The conservatives and Social Democrats have finally managed to settle on a coalition agreement 136 days after the federal election.
Negotiators from the Christian Democratic Union (CDU); their Bavarian partners, the Christian Social Union (CSU); and the centre-left Social Democratic Party (SPD) have finally hashed out a contract for a new grand coalition government — probably ensuring that Angela Merkel will stay in office for a fourth tenure as German chancellor.
The SPD leadership confirmed initial reports of a deal in a group WhatsApp message to its members Wednesday: “Tired. But satisfied,” it said, adding that final details were now being added to the text of the contract, which would then be assessed by the SPD negotiating team.
“It was high time that we got the prospect of a government,” the CSU’s parliamentary leader, Alexander Dobrindt, said as he left CDU headquarters in the morning after the negotiators had worked overnight.
One of the last major hurdles was the allocation of ministerial posts, always a thorny issue and typically among the last detail to be confirmed.
Early reports suggested that the SPD would be handed the Finance Ministry — a major victory for the party — while CSU leader Horst Seehofer, one of the most conservative figures on Merkel’s side, would become interior minister. The SPD also look set to keep control of the Foreign Ministry and the Labour Ministry, with party leader Martin Schulz reportedly keen to be foreign minister. This means that Merkel’s CDU looks like it has given up key positions to keep its allies happy.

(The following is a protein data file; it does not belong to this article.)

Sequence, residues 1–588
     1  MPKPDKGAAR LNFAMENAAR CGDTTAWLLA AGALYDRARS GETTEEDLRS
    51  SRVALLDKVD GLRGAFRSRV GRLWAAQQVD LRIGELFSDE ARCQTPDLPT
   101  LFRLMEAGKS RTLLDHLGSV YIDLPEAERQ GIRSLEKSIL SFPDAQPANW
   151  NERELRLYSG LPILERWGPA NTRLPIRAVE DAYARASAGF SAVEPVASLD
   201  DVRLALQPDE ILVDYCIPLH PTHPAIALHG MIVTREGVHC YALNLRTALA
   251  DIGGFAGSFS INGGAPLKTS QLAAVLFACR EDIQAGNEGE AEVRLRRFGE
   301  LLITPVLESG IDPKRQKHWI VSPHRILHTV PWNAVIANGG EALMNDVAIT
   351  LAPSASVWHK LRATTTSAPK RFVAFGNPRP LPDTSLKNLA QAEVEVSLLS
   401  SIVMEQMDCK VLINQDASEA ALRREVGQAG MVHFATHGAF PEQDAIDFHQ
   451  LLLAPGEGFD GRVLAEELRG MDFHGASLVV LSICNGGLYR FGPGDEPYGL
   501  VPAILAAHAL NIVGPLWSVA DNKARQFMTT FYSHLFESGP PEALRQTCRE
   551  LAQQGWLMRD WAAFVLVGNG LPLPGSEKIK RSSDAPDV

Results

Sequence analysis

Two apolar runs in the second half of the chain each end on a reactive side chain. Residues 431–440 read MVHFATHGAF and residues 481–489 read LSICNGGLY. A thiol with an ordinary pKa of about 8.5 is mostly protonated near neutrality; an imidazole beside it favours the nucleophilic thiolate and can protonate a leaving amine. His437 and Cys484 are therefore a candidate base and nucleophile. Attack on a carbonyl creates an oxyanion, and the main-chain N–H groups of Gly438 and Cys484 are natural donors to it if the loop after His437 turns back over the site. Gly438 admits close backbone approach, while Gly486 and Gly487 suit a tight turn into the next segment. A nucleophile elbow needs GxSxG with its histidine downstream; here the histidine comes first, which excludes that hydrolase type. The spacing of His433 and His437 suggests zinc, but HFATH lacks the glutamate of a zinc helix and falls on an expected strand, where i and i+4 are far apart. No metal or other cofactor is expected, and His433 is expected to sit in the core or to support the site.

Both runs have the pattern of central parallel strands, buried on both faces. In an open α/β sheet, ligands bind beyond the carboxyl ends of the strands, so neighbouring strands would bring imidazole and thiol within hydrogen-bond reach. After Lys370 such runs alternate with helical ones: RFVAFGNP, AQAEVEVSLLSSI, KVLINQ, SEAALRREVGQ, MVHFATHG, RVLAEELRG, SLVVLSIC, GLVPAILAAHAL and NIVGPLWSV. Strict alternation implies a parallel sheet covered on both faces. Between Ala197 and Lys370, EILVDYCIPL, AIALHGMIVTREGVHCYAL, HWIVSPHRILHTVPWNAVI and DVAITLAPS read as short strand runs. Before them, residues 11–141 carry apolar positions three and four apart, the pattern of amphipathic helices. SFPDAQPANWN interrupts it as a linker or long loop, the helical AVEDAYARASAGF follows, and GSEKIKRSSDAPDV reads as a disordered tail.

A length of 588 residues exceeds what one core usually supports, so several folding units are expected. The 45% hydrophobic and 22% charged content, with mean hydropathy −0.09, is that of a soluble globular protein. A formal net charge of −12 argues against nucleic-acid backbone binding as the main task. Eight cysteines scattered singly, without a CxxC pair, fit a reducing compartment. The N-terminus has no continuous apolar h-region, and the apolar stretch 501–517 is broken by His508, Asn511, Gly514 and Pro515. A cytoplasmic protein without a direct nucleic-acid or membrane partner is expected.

Coalition’s fate in hands of SPD members
SPD negotiators have spent the weeks leading up to Wednesday’s deal trying to convince sceptics within party ranks that they had won significant concessions from their conservative partners. SPD members will have the final say on whether to accept the coalition agreement in a vote to take place by post in the coming weeks.
Regional party officials have reported several thousand new members joining the party ahead of the vote, taking the ranks past 460,000. If the voters approve the deal — and it could well be close — Merkel could then appoint a Cabinet and the parties could sign the coalition contract. Then, if all goes to plan, Germany would have a new government by Easter.